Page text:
2. Holder holds a particular place in his heart for the Public Integrity Section, the DoJ unit where the Attorney General began his legal career and the outfit which has handled the investigation and prosecution of Ted Stevens and others caught up in the federal probe into public corruption in Alaska. The two top-ranking attorneys in the Public Integrity Section were among the three Department of Justice lawyers held in contempt by Judge Sullivan in post-trial proceedings. The hearings coming up appeared likely to tarnish the reputation of that unit as well as the Department in general.

3. Holder is well-acquainted with Judge Sullivan, with whom he served on the bench as a fellow judge on the Superior Court of the District of Columbia before they both rose in government, and the Attorney General was disturbed by the harsh denunciations the trial judge has issued against the prosecution team.

4. Stevens is 85 now.

5. Stevens is no longer in the Senate, having been defeated in a re-election bid occurring eight days after the jury returned the verdicts.

6. “Perhaps most importantly, Justice Department officials say Holder wants to send a message to prosecutors throughout the department that actions he regards as misconduct will not be tolerated.” According to sources contacted by Totenberg, Holder “was horrified by the failure of prosecutors to turn over all relevant materials to the defense.”

I would add these additional speculations about today’s announcement. Today’s announcement of the discovery violation uncovered last week could be seen as either the nail in the coffin for Holder or just a post to hang his hat on so as to justify getting out of a case that he felt he had to end.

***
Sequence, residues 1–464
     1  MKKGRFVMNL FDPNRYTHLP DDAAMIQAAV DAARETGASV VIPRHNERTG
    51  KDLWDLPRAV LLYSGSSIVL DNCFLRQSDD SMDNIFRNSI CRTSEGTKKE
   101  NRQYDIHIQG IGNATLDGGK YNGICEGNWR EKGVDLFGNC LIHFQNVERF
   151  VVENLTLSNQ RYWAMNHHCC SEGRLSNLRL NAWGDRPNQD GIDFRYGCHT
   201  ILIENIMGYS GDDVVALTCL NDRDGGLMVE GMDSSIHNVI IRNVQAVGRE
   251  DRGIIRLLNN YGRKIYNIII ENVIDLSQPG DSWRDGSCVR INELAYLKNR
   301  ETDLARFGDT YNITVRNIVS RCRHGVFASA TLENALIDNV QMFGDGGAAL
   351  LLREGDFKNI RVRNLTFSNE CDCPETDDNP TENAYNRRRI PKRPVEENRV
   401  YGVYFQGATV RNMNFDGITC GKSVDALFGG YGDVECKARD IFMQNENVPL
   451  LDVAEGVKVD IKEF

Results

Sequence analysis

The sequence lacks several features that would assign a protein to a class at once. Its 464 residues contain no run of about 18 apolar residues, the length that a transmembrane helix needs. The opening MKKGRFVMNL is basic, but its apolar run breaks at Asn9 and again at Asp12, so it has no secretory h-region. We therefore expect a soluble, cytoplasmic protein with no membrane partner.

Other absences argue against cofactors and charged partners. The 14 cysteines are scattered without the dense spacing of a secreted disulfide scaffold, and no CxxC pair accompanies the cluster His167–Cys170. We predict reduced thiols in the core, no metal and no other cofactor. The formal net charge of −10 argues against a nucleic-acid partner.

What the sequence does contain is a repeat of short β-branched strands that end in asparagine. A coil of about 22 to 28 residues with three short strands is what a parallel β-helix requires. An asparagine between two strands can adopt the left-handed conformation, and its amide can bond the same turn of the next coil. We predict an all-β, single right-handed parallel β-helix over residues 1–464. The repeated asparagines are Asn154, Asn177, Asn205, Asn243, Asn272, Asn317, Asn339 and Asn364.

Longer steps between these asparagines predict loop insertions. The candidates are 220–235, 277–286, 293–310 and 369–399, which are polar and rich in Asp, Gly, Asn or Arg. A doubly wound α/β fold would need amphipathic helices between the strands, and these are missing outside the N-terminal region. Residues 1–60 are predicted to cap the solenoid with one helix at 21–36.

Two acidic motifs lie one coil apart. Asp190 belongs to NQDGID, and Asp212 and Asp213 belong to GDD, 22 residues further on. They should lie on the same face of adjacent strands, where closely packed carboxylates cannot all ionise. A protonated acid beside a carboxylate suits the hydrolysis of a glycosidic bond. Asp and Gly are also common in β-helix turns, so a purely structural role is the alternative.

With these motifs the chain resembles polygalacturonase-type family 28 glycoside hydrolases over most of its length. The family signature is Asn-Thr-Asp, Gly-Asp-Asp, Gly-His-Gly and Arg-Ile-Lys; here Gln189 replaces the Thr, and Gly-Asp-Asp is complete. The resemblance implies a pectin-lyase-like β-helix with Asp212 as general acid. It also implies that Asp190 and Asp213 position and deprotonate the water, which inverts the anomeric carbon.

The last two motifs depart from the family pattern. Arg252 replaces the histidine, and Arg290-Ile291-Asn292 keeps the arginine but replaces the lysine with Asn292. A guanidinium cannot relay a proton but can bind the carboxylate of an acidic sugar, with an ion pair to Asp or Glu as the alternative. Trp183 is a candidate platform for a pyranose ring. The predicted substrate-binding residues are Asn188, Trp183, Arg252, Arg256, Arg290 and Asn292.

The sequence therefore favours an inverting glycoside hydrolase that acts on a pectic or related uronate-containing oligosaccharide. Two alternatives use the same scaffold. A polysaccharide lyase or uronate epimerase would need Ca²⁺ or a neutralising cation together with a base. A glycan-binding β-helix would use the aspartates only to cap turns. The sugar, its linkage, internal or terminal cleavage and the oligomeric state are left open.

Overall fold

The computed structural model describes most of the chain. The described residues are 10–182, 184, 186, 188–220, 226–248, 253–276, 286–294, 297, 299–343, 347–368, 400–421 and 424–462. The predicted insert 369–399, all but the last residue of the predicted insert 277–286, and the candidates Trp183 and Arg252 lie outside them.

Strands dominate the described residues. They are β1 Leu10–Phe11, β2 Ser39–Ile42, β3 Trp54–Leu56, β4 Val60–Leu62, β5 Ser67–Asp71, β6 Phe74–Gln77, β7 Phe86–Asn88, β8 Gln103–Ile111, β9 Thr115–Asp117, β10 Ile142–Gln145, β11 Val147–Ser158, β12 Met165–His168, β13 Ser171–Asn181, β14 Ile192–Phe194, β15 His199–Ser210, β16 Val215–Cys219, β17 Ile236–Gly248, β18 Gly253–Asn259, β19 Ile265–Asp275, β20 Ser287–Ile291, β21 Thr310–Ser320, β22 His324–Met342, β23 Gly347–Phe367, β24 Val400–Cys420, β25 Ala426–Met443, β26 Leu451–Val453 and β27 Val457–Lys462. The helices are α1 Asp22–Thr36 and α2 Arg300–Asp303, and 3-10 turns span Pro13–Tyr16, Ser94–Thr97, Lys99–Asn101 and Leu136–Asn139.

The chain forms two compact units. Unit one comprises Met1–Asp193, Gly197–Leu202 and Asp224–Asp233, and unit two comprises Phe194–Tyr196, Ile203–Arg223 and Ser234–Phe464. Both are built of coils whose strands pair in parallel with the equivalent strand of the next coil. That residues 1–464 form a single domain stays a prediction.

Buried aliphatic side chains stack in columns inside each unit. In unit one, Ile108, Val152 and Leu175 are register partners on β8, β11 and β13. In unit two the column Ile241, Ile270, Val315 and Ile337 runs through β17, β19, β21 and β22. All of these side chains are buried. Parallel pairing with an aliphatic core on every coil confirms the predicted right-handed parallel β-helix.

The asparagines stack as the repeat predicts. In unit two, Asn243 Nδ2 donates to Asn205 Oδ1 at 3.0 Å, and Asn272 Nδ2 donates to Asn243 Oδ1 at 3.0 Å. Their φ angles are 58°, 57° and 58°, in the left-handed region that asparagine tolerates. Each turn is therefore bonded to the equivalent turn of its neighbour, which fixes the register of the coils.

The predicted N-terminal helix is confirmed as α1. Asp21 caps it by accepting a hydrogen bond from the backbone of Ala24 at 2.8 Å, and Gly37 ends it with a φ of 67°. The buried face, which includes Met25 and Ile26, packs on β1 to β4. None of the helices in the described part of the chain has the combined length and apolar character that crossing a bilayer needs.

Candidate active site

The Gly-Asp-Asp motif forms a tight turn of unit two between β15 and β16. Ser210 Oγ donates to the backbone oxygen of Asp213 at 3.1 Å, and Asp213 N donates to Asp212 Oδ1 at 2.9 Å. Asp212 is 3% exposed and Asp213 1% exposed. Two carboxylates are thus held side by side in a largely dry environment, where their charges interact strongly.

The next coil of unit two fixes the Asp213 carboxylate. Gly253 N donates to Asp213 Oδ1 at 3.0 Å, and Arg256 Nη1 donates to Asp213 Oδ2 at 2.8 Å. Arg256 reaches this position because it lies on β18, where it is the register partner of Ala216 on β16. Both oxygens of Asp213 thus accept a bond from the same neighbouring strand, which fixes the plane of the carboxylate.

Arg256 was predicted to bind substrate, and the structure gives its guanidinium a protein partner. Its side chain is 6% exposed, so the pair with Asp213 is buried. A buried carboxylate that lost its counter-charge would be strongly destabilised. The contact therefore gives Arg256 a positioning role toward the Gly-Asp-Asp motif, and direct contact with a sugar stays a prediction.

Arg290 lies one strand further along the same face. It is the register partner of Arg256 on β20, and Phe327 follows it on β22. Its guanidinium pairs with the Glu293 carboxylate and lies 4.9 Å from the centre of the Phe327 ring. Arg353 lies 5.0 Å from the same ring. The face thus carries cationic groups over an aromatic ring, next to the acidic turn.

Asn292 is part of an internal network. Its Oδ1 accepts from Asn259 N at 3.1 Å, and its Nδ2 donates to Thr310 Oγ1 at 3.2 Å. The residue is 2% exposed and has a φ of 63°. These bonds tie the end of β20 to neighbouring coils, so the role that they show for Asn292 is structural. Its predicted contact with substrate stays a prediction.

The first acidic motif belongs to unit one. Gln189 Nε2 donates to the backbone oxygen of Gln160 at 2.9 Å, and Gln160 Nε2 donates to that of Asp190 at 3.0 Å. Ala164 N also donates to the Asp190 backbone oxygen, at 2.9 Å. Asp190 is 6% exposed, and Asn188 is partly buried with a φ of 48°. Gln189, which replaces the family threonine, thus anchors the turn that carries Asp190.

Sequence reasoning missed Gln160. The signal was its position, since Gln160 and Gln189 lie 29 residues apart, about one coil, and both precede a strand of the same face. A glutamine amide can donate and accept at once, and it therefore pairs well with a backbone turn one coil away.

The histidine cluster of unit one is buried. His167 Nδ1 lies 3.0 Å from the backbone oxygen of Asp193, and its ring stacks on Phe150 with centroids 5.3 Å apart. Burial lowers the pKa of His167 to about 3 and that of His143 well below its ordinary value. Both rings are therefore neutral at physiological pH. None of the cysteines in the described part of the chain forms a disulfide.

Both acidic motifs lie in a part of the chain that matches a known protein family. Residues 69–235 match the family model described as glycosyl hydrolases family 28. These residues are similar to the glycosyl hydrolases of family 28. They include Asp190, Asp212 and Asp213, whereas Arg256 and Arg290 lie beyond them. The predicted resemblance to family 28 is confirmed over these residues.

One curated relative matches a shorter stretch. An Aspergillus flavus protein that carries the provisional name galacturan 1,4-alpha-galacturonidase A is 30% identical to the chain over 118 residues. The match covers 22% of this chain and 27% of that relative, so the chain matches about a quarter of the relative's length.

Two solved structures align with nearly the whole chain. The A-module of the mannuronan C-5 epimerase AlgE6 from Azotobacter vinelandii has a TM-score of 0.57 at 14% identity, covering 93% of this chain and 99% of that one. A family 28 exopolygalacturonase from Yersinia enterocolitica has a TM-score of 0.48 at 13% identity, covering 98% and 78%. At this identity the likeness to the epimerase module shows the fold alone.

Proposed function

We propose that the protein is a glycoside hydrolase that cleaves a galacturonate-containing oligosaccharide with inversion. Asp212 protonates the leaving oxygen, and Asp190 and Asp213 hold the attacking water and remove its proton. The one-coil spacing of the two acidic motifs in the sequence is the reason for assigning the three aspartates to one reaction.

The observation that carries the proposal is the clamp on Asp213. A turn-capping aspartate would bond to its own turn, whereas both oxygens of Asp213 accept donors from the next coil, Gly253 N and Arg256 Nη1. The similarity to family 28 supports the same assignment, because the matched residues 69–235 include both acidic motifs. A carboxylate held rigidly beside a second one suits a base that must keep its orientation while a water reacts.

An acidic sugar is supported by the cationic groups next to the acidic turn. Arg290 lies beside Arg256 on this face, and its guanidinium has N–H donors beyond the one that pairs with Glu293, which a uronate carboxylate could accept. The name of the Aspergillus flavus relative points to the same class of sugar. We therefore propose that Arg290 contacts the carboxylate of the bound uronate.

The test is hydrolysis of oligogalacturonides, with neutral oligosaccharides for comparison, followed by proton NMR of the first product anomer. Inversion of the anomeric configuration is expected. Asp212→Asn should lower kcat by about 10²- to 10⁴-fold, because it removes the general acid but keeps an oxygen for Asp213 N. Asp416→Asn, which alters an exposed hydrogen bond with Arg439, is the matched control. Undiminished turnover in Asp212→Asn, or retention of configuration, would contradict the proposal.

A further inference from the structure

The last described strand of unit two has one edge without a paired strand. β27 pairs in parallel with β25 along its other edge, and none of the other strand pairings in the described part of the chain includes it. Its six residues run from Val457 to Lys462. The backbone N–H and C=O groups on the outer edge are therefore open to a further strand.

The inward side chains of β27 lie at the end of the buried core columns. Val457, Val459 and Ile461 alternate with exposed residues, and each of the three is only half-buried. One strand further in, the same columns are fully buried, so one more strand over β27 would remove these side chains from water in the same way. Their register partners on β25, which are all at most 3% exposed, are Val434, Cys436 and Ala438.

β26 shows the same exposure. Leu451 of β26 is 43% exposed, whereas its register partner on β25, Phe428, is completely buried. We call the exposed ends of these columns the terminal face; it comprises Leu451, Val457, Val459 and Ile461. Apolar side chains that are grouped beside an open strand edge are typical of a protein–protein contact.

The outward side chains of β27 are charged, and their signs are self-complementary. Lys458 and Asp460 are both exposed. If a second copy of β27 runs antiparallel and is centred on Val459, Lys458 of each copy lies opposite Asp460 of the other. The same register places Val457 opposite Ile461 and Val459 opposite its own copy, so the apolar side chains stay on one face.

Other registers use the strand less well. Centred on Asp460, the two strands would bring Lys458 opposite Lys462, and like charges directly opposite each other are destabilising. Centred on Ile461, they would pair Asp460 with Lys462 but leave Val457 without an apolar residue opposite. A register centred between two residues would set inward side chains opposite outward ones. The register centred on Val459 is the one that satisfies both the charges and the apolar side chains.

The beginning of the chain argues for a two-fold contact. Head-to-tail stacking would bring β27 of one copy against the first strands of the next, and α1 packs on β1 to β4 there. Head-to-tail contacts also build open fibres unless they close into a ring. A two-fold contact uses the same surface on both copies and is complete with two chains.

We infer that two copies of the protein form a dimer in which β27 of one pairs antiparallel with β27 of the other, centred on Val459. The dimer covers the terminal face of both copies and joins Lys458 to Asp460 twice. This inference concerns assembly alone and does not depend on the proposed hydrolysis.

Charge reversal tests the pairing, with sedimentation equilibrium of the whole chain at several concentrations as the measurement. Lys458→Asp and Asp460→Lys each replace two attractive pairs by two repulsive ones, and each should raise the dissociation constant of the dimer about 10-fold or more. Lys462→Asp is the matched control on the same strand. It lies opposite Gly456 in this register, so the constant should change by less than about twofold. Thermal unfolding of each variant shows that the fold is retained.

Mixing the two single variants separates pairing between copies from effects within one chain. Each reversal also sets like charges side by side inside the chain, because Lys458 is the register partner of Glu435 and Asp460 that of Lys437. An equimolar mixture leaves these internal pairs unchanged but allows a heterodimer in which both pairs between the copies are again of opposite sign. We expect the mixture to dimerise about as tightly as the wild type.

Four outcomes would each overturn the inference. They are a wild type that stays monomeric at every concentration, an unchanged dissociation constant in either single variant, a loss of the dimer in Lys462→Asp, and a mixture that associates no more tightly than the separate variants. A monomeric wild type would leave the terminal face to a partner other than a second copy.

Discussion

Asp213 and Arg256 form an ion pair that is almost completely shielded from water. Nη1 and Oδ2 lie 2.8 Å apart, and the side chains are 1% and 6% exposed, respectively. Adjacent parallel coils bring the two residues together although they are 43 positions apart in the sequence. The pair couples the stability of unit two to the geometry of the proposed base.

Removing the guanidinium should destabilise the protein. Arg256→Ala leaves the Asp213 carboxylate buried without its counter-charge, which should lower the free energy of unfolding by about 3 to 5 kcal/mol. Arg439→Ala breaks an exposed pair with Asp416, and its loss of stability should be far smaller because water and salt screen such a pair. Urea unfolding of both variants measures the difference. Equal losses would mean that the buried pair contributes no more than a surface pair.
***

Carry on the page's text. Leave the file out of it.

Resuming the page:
Additionally--as noted by Jason Zengerle of The New Republic--noted, it was easier for the Obama administration to admit errors that occurred under a past regime than to confess that it itself had made mistakes. This last factor was not a reason for today's announcement, but obviously made it less painful.

Does the decision announced today show that the Department of Justice prosecutors in the Bush administration deliberately made mistakes to help Ted Stevens?

No, and I would not address this question if I did not see it raised so much. The trial prosecutors clearly wanted the jury to convict Ted Stevens. A hidden agenda to go into the tank was not the problem.

Does the decision announced today show that Democratic-leaning lawyers in the Department of Justice made up the case against Ted Stevens out of whole cloth just to get him out of office?

No, and I would not address this question either if I did not see or hear it repeatedly. Under the analysis of anyone who understands government, the case against a sitting U.S. Senator was so important that very high-ranking officials in the Bush administration’s Justice Department—including the Attorney General—must have reviewed the case before authorizing the search warrant on Ted Stevens’ house, let alone his indictment. It is highly likely that President George W. Bush was personally made aware of the status of the case before the search warrant and before the indictment.

Coming up in Part Two: Why did the trial prosecutors commit this apparent misconduct? What would have happened in the trial if this apparent misconduct had not occurred? What does today’s decision mean for the trial prosecutors? What does it mean for the defense team? What effect will today’s announcement have on the federal investigation? What effect will today’s announcement have on Ted Stevens’ legacy?

(UPDATE--Edited to avoid repetition. Thanks, Bob Weinstein.)


hello said...

Great analysis, thanks from a lawyer in a completely separate jurisdiction that also values the rule of law!

nauseousnative said...

As an Alaska Native, an Alaska State resident, and a taxpaying female voter, I am disappointed threefold in the dismissal.

My first thought was how did Stevens bribe the government officials behind the dismissal? He had enough clout to push the trial to start quickly, something that does not happen at any level of the justice system...He's been around a looooong time, long enough to have dirt on quite a few people who may have grown into powerful positions.

I was wondering if you could tell me who was paying for Stevens’s attorneys? With the dismissal does this mean that we the taxpaying "voters" will pay for both the prosecution and the defense fees?

Thank you,
Nauseous Native in Alaska